His reward is a flight in the balloon, which is undercut by his regret that the main love of his life had not been there with him. This love interest turned out to be none other than a cockerel with five chickens as his wives. Here Herzog’s dry humour is defined, “I had to meet this legendary cockerel”. Meeting the mystical cockerel Herzog follows it around with a camera, while it runs off.

The film’s inner strength is, however, Herzog’s on-going preoccupation with the elemental aspects of our planet. Not least the highest and most magnificent waterfall in the South American continent. This is amplified when one of his film crew descends halfway down the waterfall, suspended only by a single rope. In a death defying stunt, he attempts to film the cave behind it. Thousands of swallows fly in and out, like a swirling tornado, almost usurping the actual splendour of this cascading waterfall. The spectacle literally hypnotises the audience. This is bettered, quite unbelievably, by an upside down reflection of the waterfall, captured in a raindrop. A big close-up shot. The droplet hangs from a leaf, disintegrating the reflection as it falls. Stunning.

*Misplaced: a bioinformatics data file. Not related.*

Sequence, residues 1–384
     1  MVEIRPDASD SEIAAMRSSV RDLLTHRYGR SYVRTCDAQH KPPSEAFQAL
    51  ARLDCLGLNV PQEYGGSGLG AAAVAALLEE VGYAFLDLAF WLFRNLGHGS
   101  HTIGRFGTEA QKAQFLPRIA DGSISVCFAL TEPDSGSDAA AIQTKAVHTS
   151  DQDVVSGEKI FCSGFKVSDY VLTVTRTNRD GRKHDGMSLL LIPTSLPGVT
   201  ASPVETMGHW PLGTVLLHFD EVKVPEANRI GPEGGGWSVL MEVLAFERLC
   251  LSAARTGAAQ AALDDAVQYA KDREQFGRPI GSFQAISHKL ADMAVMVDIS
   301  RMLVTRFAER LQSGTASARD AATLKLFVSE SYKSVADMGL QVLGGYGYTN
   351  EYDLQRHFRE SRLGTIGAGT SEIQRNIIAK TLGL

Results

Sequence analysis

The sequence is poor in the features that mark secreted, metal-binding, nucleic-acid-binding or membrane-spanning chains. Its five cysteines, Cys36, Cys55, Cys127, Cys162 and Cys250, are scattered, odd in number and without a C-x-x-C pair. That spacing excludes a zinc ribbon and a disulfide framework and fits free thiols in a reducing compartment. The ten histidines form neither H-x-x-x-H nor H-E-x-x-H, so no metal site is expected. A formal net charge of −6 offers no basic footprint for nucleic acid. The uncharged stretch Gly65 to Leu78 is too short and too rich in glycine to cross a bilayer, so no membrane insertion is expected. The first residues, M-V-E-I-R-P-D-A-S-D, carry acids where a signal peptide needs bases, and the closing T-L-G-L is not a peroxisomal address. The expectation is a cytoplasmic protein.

By returning to the South American jungle Herzog, once again, recalls the themes that he explored in the latter half of the 1970’s and early 1980’s with Aguirre Wrath of God and Fitzcarraldo. Since those far-off times, Herzog’s documentary output has overshadowed his later feature films. These authored documentaries are vastly superior In 2024 Herzog shows no sign of stopping. Here I will leave my final line to Andrew O’Hehir of salon.com from May 25th 2006,